I wish that shelters had enough volunteers and had enough room to take care of the cats that end up there. There are rules in place to stop the spread of things like respiratory infections and ringworm, but the rules get thrown out when there's not enough manpower to get all the cats taken care of, and when the shelters are overcrowded. I think you're a wonderful person to take care of these kittens, Cheryl! Most people would have brought them back to the shelter.
post #4 of 6
I agree with what was written above and will add a few things. Some URI's do last longer than others, and some can even be chronic (feline herpes being an example of a URI that can recurr), but it is probably premature to worry about that.

Other than antibiotics to prevent seconadry bacterial infections, eye cream if the eyes are affected, and supportive therapies to keep their nasel passages open, and appetites healthy, there really isn't much more you can do. They should remain on antibiotics until its all cleared up which hopefully will be in another week or two.

Stress can aggravate URI's in cats so do everything you can to lower the stress level, if relevant. Provide lots of food. Consider taking the kittens into the bathroom for and turning it into a steam room to help loosen their phlem etc. You can also talk to your vet about using Little Noses, a saline spray for their noses.

Agreed, the bald spots are almost certainly ringworm. Anti-fungal creams, and possibly using Program as mentioned above are useful. How contagious it is to oother cats and to humans is highly variable. You may never get it or you might, but what you're watching for in humans is roundish red welts, "dime" size or larger, that appear out of no where. They may itch a bit or they may not. They also respond to antifungal creams.
post #5 of 6
I, too, have recently adopted two kittens from a shelter. they sent me home with antibiotics, and within two weeks one cat started sneezing, then the other.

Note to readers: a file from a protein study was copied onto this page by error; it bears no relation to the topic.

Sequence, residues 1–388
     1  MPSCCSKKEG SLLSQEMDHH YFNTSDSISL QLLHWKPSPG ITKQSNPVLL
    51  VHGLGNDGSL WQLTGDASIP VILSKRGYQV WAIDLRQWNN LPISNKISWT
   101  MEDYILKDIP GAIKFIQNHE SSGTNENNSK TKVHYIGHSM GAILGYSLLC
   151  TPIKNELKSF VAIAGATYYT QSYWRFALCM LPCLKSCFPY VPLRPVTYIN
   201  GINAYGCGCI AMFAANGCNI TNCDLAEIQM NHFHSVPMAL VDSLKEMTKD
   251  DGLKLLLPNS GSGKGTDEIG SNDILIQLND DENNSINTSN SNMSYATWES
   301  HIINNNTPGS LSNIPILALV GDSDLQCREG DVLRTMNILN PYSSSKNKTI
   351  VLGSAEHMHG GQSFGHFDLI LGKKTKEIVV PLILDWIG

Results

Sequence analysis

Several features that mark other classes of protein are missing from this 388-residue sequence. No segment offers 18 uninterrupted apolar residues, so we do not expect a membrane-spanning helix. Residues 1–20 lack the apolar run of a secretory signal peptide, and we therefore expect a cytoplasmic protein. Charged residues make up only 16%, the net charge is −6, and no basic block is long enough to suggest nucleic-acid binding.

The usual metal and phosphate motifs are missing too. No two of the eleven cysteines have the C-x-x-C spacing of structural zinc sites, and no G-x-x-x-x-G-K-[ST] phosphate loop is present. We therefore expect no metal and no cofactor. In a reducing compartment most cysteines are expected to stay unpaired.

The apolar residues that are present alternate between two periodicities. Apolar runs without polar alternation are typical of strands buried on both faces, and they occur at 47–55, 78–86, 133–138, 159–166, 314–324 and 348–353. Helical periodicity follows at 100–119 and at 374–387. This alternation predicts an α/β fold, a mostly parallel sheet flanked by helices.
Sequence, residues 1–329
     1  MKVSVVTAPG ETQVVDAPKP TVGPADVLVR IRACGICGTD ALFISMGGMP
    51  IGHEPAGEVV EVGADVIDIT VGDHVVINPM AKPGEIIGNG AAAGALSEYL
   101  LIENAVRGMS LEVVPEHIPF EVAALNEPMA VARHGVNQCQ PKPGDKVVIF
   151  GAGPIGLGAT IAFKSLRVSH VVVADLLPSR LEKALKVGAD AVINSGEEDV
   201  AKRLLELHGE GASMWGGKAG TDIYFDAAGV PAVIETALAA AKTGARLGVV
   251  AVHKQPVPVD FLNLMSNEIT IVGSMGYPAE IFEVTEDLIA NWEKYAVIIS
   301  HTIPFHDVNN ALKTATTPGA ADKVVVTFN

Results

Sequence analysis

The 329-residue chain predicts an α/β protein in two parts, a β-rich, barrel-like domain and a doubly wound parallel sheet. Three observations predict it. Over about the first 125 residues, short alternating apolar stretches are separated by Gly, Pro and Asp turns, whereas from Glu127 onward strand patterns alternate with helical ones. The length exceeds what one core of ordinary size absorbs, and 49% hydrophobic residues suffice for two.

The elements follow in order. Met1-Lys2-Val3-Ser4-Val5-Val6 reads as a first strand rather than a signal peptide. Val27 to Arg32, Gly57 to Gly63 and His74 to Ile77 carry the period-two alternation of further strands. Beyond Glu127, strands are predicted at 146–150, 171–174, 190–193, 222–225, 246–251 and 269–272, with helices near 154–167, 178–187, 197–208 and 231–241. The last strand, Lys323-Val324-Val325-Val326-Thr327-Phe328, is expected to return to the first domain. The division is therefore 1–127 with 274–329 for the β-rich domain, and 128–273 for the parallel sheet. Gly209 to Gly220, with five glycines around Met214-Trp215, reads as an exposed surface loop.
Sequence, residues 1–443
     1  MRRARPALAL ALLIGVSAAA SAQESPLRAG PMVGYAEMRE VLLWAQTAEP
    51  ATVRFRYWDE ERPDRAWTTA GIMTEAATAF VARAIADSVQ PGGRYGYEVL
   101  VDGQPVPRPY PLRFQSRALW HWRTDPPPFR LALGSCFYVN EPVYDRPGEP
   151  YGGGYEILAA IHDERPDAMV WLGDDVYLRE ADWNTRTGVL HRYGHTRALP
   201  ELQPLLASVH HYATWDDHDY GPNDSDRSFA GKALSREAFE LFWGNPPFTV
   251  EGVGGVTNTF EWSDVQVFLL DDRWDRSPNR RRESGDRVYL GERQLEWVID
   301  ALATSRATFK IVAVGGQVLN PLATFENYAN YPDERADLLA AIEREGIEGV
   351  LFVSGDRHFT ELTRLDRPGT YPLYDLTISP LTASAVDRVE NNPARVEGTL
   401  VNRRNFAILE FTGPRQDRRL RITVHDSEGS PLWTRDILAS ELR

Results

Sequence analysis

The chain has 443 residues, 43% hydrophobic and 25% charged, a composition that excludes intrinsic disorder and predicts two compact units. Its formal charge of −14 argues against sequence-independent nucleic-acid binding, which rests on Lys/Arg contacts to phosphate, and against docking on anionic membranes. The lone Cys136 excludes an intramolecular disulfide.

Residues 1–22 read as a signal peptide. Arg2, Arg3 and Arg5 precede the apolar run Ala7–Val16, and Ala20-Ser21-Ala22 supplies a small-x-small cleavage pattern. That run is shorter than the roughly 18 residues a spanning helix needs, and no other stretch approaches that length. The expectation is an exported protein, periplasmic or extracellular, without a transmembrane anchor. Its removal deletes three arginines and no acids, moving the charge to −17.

the second cat got over the sneezing, but the first cat hasn't been able to shake it. otherwise, the sneezy cat is totally normal -- running, jumping, eating, pooping. oh, and his temperature is normal, too.

my vet, who I trust completely from his dealing with my dearly departed kitty, said he's not concerned about the sneezing if the cat is still behaving normally. he said the infection is most likely viral and that more antibiotics won't really help. he said to wait it out and that the kitten will most likely get better on his own. and, he said that this is common/normal with shelter cats.

so, if he's not worried, I'm not worried. he did tell me that if the kitty's behavior changes, to call him right away.

as for the rash, I'm afraid I don't have any experience with that!

good luck!
post #6 of 6
You are wonderful for adopting 2 kittens together from a shelter!! I also volunteer for a Humane Society that does entirely in home fostering and I can tell you that they still are prone to URI's and ringworm. Anytime you bring a lot of cats together, even if only for a few hours for weekend adoptions, they can spread these types of diseases. Add to that the stress they are under for being rehomed (either in a shelter or foster home), then rehomed again at the point of adoption and you further increase their level of stress.

In my household, I've had URI's last a week and others last a few months. A lot depends on the health and stress level of the cat. Kittens are simply more succeptible (due to their age).

For ringworm, follow your vet's treatment program to the letter. Successfully fighting off the fungus also depends a lot on the animals health and stress level. The healthier the animal, the faster it seems to work thru them (our dog caught it on his nose over the summer and we rid it in about 2 weeks which is very quick for ringworm).

Keep loving on your babies and make them as comfortable as you can. Vaporizors or bringing them with you in the bathroom for a steamy shower works wonders.